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Joint Standing Committee on the National Disability Insurance Scheme Market readiness for provision

Executive Summary

(to read full report go to: https://www.nds.org.au/images/files/JSC_on_the_NDIS-Market_Readiness.pdf)

Transition to the full National Disability Insurance Scheme is expected to be

completed by 2020. The Scheme is phasing in rapidly around Australia and is now

fully operational in all regions of NSW, SA and ACT. By 2020, it is estimated that

460 000 participants will have entered the Scheme.

Market stewardship

The challenges for both participants and service providers to transition to a market-led

service delivery model cannot be underestimated. Creating a participant enabling

environment and developing a competitive marketplace is vital to the success of the

Scheme. However, during the course of this inquiry, the committee heard that the

NDIA, as the lead market steward, has often failed to put in place in a timely manner

the appropriate measures and initiatives to support the development and growth of the

disability support marketplace to meet demand.

The roles, responsibilities and activities of all those responsible for market

stewardship are unclear. This is impeding the development of strategies to address key

emerging issues in the development of the market.

Participant readiness

Throughout the inquiry the committee heard that most participants are not ready to

confidently engage and navigate the market. Of concern is that submitters continue to

raise issues around adequacy of plans and ability of participants to activate and

manage plans. It appears that the resources and supports put in place by the NDIA to

help participants activating and implementing their plans are not reaching all

participants and their families.

Workforce readiness

There is currently no clear national strategy to grow the workforce despite the need for

an additional 70 000 disability workers by 2020. The committee received evidence

that there are currently virtually no incentives to choose a career in the disability

support sector. Indeed, submitters reported that the disability sector is experiencing a

rise in underemployment and insecure work arrangements, inadequate wages with

little or no prospect of professional development opportunities.

Service provider readiness

The committee consistently heard that service providers are struggling to make the

necessary changes to operate under the NDIS. Many service providers critically lack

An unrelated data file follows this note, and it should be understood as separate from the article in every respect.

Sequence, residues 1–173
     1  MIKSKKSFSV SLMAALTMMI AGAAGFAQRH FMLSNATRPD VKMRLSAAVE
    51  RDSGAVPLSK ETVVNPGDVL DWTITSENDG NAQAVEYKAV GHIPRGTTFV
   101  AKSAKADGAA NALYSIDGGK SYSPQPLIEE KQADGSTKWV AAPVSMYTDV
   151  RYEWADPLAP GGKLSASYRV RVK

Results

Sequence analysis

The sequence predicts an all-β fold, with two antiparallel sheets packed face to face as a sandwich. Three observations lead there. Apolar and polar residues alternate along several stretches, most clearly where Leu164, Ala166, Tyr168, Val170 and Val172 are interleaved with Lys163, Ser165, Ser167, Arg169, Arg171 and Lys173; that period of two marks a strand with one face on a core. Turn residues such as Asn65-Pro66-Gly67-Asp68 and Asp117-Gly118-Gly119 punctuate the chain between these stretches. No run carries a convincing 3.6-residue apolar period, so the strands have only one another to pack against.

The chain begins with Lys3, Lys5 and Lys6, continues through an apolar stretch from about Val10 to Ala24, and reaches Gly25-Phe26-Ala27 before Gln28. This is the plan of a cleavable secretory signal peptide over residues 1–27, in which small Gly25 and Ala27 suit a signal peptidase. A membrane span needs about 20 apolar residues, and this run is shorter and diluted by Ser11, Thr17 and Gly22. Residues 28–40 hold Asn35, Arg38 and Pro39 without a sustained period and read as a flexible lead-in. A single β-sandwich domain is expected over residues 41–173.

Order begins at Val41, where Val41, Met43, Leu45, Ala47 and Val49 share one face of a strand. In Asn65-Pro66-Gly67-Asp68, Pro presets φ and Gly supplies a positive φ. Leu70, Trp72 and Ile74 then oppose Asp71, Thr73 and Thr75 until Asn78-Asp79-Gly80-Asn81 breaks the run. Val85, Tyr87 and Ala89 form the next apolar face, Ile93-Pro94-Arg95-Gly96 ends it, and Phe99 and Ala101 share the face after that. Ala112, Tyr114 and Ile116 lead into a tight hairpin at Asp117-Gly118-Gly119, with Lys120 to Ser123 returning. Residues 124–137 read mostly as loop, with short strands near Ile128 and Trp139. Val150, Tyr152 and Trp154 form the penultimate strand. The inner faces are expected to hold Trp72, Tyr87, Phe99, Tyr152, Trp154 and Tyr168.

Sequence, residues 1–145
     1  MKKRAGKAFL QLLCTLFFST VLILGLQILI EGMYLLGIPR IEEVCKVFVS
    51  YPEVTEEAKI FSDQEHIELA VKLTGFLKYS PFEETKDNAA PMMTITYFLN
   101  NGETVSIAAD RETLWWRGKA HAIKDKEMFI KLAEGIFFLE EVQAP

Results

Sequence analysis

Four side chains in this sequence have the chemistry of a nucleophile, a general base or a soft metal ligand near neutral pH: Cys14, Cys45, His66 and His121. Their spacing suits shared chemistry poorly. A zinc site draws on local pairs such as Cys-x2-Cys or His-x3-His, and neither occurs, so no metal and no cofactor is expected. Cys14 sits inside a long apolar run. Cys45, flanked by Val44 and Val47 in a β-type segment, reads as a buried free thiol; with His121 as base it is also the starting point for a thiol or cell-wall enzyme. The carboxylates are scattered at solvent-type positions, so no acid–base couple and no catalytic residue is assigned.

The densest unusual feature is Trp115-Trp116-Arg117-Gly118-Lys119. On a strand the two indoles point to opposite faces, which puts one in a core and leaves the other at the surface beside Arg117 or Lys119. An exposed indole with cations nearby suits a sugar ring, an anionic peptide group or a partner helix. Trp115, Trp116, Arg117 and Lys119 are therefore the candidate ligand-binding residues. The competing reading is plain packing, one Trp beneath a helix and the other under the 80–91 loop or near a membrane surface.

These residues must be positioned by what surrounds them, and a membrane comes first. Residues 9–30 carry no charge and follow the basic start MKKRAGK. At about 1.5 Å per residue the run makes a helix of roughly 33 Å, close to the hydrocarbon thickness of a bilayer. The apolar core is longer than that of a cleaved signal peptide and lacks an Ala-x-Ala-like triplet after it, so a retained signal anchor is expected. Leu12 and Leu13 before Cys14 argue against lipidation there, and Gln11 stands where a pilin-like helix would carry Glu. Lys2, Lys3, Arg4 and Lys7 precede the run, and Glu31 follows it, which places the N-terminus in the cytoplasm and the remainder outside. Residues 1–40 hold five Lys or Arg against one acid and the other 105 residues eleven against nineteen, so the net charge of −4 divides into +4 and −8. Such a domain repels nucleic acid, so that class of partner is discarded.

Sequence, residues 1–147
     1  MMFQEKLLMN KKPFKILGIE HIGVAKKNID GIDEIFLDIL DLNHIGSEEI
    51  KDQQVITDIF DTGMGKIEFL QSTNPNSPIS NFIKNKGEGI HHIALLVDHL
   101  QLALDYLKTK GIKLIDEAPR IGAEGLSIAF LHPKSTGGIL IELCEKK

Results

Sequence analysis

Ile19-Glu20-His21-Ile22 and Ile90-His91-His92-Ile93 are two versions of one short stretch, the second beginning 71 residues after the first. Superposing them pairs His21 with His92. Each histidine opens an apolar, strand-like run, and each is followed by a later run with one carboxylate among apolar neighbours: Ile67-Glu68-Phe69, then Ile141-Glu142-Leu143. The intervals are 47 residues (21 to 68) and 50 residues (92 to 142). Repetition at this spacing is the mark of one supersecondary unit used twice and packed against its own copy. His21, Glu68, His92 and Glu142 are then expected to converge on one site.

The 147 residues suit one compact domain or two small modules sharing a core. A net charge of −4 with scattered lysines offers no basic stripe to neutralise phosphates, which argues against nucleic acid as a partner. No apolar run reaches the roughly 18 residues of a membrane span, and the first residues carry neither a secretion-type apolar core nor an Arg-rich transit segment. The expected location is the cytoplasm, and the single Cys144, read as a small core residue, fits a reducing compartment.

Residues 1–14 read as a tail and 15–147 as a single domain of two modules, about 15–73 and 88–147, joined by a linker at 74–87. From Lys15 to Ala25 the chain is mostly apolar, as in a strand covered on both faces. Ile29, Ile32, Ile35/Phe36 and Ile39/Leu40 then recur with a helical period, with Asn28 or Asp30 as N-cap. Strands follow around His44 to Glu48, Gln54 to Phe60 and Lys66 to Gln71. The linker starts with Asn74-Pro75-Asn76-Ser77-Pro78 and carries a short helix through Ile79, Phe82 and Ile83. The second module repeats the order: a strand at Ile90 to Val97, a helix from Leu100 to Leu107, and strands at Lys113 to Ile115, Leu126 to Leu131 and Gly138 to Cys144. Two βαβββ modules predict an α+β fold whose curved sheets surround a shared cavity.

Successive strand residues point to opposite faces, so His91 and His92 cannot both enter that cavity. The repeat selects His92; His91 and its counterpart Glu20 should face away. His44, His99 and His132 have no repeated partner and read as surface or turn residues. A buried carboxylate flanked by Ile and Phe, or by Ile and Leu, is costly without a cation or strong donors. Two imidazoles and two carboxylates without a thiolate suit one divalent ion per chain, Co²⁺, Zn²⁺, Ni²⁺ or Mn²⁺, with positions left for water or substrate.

the capacity, expertise, cash reserves and infrastructure to make a successful transition

and operate in the new NDIS environment. To date, it appears that the growth in new

providers is far too slow and patchy to mitigate current and projected supply gaps. The

committee heard that the NDIA as a market steward has lacked forward planning and

not adequately facilitated access to support and assistance for existing and prospective

service providers to operate in the NDIS environment.

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Pricing

The committee was troubled to hear that many service providers were unable to

operate even moderately profitably under NDIS pricing. The committee continued to

hear that NDIS pricing is hindering market development and growth. More concerning

is that, in some instances, pricing has led to service providers discontinuing services to

NDIS participants. The committee heard that some service providers are 'cherry

picking' clients and potentially leaving some of the most vulnerable NDIS participants

with no access to adequate services.

Thin markets and Provider of Last Resort

The committee is concerned with the lack of progress on addressing the issue of thin

markets experienced by some groups. The thin markets identified are not new; it is

now urgent that the NDIA intervene beyond making small adjustments to pricing. The

committee is concerned that the policy on future Provider of Last Resort arrangements

has not been released and remains unclear.

Specialist Disability Accommodation (SDA)

The committee received evidence that the lack of data on SDA demand, restricted

choices of living arrangements for participants, the lack of clear and consistent

information available to investors and the pricing review cycle are impeding

development of new SDA dwellings.

Conclusion

The committee received a wealth of information and evidence throughout the inquiry

and thanks all those who participated. As a result, the committee has made 29

recommendations, which aim to ensure that appropriate strategies and responses are

swiftly implemented to stimulate the growth of the marketplace and ensure that all

NDIS participants have access in a timely manner to the necessary and reasonable

supports they are entitled to




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